Dear mummies and daddies…

I’ve blogged a few times about the difficulties I’ve found in balancing my personal and professional life since becoming a mother, but this is a message to all new parents who may be feeling the way I have…

Dear mummies and daddies who are struggling,

You are not alone. You are not failing. You can do this.

These three sentences were ones I desperately needed to hear for over a year, but never heard them.

Some of them were said and some weren’t but either way I never really heard them. The guilt that I was wearing blocked them out. I felt so incredibly guilty about everything: the piles of washing up; the dirty kitchen floor; the unmarked assessments; the poorly planned lessons; not seeing my son enough; not playing with my son enough.

Nothing I did was good enough. I was embarrassed by my continual failures and couldn’t ask for help.

It’s hard being a teacher. It’s hard being a new parent. It’s hard trying to avoid real or perceived mum judgement. And it’s very hard trying to do everything.But it’s ok to struggle. It’s ok to ask for help. It doesn’t make you a failure as a teacher. And, most importantly, it does NOT make you a failure as a parent.

Take a moment and reread that last sentence.

It does NOT make you a failure as a parent.

I’ve been known to describe teaching as “the most wonderful nightmare” in the past. But parenting is the toughest dream-come-true I’ve ever come across. No matter who you are, it’s tough. When you first go back to work it’s tougher. But when you also try to care for countless children and do all the marking and all the admin and all the meetings and all the parents’ evenings and all the…

You get my point.

You have to give yourself a break. I don’t care how organised you are, you cannot do it all. And that’s ok. (No, honestly it really is.) It’s ok if your classes get the stock lesson from the scheme of learning once a fortnight because you don’t have time to customise every lesson for every class any more. It’s ok that you submitted your report data at midday and not 9am that one time as your little one was up all night so you couldn’t mark those last 6 books. And it’s ok if you say no to the “Could you just…” requests because you can’t fit your own job into your life anymore let alone any additional requests.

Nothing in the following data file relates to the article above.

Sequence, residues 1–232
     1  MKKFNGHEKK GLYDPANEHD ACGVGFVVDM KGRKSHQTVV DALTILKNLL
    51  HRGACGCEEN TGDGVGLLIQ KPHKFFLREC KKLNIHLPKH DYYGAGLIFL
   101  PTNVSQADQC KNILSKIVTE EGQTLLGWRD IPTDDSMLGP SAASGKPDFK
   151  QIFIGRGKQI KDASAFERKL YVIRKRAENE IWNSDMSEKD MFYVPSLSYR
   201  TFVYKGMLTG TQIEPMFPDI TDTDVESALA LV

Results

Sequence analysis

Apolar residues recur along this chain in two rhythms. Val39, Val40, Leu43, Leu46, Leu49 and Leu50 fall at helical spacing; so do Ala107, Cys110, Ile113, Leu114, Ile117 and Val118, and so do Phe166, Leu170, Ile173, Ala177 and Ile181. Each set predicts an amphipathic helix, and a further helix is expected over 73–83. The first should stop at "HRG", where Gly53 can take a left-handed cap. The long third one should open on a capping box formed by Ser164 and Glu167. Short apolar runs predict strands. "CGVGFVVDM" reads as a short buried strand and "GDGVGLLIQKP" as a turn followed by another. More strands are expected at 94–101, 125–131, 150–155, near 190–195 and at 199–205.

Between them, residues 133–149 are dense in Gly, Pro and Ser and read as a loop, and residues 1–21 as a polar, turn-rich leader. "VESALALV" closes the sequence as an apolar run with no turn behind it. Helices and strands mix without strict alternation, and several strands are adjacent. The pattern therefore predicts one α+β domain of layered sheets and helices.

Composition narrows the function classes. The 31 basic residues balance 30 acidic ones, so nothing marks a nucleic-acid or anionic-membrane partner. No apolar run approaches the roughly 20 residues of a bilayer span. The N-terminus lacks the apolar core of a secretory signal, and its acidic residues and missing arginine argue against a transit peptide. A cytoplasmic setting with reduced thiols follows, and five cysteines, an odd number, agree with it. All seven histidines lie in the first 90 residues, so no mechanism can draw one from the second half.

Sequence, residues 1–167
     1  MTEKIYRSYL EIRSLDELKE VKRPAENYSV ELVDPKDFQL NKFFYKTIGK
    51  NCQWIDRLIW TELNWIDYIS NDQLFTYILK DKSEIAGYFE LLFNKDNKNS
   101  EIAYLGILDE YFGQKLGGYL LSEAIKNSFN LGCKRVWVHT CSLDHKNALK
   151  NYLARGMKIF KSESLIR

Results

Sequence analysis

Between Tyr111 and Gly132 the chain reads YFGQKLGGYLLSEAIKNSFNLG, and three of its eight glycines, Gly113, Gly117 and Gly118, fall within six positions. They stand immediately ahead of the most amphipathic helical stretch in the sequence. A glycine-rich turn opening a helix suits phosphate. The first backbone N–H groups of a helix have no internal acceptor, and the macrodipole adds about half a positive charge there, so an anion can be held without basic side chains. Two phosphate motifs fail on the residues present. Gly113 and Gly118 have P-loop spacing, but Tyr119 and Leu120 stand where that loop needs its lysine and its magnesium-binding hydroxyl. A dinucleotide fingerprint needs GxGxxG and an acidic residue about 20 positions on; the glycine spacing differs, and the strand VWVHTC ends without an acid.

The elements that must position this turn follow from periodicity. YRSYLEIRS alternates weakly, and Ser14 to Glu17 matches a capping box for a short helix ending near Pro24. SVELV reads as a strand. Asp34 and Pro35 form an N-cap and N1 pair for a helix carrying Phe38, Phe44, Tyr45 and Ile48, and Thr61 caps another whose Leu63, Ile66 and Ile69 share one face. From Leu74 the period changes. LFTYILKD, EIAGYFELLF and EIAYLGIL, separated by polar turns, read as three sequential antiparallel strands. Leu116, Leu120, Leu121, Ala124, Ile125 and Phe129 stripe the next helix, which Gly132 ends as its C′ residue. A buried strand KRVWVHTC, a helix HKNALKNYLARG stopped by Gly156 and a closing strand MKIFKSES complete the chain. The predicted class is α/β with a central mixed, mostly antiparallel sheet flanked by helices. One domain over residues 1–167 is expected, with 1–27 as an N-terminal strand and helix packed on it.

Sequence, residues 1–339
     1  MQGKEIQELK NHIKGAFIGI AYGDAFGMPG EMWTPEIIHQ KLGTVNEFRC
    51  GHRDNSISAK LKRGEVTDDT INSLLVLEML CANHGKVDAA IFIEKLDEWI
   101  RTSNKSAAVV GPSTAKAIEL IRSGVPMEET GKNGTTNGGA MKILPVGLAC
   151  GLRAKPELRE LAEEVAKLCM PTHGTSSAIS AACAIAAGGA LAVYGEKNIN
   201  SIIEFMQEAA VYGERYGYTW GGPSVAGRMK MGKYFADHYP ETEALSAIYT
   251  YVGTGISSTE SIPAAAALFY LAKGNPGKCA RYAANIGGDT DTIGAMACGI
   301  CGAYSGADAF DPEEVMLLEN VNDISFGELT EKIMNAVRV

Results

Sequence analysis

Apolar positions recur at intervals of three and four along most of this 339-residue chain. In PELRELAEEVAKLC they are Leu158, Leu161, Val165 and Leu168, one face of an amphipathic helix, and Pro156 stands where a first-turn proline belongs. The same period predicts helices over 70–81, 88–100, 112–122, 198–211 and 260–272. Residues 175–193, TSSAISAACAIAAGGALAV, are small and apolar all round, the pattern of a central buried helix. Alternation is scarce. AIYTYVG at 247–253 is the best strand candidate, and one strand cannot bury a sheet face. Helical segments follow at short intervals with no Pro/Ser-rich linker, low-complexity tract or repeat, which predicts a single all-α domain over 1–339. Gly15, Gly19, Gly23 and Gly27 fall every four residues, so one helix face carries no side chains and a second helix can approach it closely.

And it’s also ok if you tell your partner that you need them to watch the baby one Sunday afternoon because you know sacrificing those 3 hours then means you can have an actual Christmas holiday with your family without the marking guilt hovering over your shoulder.

You can do this. You will find a way to make it work for your family.

Don’t get me wrong, mistakes will be made, but remember what we tell our students: mistakes are ok as long as we learn from them and don’t dwell on them.

I’ve just handed my notice in to start a new job just down the road from home (it also happens to be my dream role). Yes I am worried that a two year old will amplify the usual stress of a new job. But as I was being offered the job I started to feel almost euphoric as the guilt I had been carrying lifted. Within moments I found myself relaxed and playing with Oliver in the silly and carefree way I hadn’t done for months. Over the next few days I found I was more patient and much calmer. And I was happier too. I’m not saying that changing jobs is the answer for everyone, but what it made me realise is how harmful the guilt and the blame is. Just how quickly it had invaded my being and, without me realising, it had changed me and my life. And definitely not for the better.

I can’t believe I had been stuck in this vicious cycle for so long.

So, new mummies and daddies, please listen. And I mean truly listen. Let this sink into your soul and start to break the hold of any guilt, any blame and any feelings of failure you may have:

You are not alone. You are not failing. You can do this.

With love, respect and support,

The numpty mummy

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